To the bottom of the glass.

A few months ago I shared a train-ride with Caroline, my contact at the awesome Edelman PR Agency. Keen-eyed readers might remember Edelman as the agency that gave me the opportunity to travel to Shanghai, but they also gave me other assignments like covering the 140 years of Jeans celebration by eBay. Back then she told me they where looking for a kick-ass food blogger who made killer shots. As you can imagine, most bloggers aren’t camera-savvy, and most photographers are not the ones you’d imagine to write about food. To the most of us food is that thing that gets in between getting a shot, or traveling.

Fast forward to a month later where I got ‘the call’. If I want to take the pictures of a food-related event, so a blogger can do his thing. “Sure can do, just give me the date and address and everything will work out”. A few weeks of trying to sync ever-changing calendars between the blogger, the client, the agency and me, it is decided due a pressing deadline to split up the dates, and I’m sent in first. A few documents and thorough briefings  later I’m walking through the door of Cocktails At Nine to photograph Carl van Droogenbroeck, Belgian’s best bartender. The event? The Global World Class Finals.

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Under complete secrecy I was to photograph him mixing one of his own cocktails, the ‘Last Call’. It became even more interesting as they wanted to have a natural feeling to the pictures. Nothing staged, and nothing lit. With a lot of optimism and a pelicase full of gear I entered the world of cocktails. An introductory cocktail and a some historic information later I was ready to start shooting!


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What nobody could foresee however was that after a few weeks of cold summer weather, we suddenly got a massive September heatwave, combined with the date gave the lowest turn-up for the cocktail bar in years. Not exactly the massive crowded bar we where hoping  to capture. A bit of creative framing and happy volunteers I managed to create some compelling images that made the agency and client happy!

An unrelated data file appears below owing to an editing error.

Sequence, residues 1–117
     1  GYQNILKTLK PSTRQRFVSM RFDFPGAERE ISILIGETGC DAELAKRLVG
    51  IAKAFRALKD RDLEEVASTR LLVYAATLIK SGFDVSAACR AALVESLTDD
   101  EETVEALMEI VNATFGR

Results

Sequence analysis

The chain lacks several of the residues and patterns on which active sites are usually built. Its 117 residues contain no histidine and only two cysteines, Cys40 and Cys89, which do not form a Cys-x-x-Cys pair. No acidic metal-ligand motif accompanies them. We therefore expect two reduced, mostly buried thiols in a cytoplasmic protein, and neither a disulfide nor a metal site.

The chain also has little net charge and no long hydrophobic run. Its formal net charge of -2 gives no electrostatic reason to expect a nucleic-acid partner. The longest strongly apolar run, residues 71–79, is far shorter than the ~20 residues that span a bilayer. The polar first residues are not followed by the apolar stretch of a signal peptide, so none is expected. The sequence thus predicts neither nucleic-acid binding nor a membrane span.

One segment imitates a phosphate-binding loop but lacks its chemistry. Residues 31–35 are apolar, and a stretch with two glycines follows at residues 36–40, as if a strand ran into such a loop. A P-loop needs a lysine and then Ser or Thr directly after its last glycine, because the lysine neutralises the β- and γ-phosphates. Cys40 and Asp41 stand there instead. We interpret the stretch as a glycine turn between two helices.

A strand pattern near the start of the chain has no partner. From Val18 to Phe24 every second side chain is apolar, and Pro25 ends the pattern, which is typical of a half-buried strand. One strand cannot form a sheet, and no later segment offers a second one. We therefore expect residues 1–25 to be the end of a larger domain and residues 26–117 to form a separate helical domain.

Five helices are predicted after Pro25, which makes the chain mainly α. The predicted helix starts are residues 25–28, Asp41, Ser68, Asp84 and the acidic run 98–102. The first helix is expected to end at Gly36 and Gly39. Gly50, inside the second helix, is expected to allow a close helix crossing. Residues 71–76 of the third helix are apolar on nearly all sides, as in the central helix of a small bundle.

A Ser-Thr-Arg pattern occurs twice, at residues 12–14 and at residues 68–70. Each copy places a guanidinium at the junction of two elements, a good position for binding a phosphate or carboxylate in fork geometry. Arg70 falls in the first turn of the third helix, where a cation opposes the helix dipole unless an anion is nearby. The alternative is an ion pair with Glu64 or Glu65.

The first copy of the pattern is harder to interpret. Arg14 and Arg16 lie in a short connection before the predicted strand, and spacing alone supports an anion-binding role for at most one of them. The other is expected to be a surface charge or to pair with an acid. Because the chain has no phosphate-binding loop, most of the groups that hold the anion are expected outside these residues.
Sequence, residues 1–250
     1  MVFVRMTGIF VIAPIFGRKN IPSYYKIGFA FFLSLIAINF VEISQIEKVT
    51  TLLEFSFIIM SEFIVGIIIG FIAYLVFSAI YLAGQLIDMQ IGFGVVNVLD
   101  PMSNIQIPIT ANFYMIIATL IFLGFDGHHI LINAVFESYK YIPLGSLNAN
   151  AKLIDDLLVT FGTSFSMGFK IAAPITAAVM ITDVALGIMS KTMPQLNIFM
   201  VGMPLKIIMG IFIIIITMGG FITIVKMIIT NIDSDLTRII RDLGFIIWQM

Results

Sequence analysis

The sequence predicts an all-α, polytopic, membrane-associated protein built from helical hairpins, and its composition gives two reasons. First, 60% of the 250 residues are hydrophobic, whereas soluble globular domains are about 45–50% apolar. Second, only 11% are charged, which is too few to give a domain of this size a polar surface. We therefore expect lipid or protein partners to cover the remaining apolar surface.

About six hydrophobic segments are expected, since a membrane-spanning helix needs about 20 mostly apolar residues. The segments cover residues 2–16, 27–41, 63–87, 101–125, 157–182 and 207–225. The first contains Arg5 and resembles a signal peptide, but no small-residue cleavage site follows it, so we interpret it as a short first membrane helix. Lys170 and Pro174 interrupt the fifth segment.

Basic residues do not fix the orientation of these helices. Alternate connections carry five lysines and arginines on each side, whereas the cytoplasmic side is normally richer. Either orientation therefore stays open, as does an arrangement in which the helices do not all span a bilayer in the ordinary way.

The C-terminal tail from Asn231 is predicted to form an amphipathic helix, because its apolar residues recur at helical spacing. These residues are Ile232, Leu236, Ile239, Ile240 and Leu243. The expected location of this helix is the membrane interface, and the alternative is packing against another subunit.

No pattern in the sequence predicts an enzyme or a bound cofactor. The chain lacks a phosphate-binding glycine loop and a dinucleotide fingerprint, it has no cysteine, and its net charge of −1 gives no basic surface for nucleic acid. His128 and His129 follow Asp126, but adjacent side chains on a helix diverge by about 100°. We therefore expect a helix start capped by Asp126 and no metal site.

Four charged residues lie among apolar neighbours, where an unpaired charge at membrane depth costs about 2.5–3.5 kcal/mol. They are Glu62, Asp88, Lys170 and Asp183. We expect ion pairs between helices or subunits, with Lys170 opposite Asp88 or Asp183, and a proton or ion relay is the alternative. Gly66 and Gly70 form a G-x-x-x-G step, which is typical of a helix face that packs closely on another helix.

In the end I used the D800 with the 85 1.8 for absolute sharpness wide open combined with decent auto-focus, and of course the ‘trinity’, the 14-24, 24-70 and 70-200. I lit a few beauty shots of the glass with a single SB-700, but for the large shots I used the light of my iPhone flashlight to ad some punch to some longer-exposures. I also shot on a lower shutter speed than I normally would, to create bit of added motion blur.

For the editing I used Lightroom 5 and VSCO Film 03 with the Fuji FP-100c ++.

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Shanghai: The Conclusion

All good things must come to an end. Bah, did I just wrote that? Anyhow, watchin/listening to The Muppets on the airplane on the way back home. I really do love in-flight entertainment.


Shanghai is quite an interesting city. They say it has contrasts, but I see it more as a big gradient thing. You have the rich and high-class setting in Pudong, to the street vendors and beggars in Yuyuan, to the real poor in the back-alleys. And everything in between.

When you think of China, you think of old and dirty, yet Pudong is quite high-class and very clean. At any time and any place, including the river and the highway people are using handmade brooms, nets and sticks to pick things up. Not just garbage, but even things like leaves. Weird!

Yet if you turn a wrong corner you encounter rather dirty and forgotten spots. Very weird.


If I can give any fellow photographers some tips if you ever are in China, it are following things:

– Shoot first, then ask. (a tip from the VRT China Correspondent) – if you encounter a beggar who just keeps bugging you, grab your camera and portrait them. They will bugger off as soon as humanly possible. – Light and the sky can vary much very soon. There are moments where you can see the tips of the skyscrapers while a few hours later everything can be fogged and smogged up – With a tele you can make some great portraits without them noticing, yet they won’t really mind. – if you are in Shanghai, the sunlight comes out very soon, yet it’s dark, very fast. The streetlights will have everything illuminated quite well. You can make great street shots at night at 1/125, ISO 1600 and f/2.8. However a word of caution, at exactly 11pm the lights and fountains go out. The street lights will be on, but all building illumination will be out. So make your long exposures before that.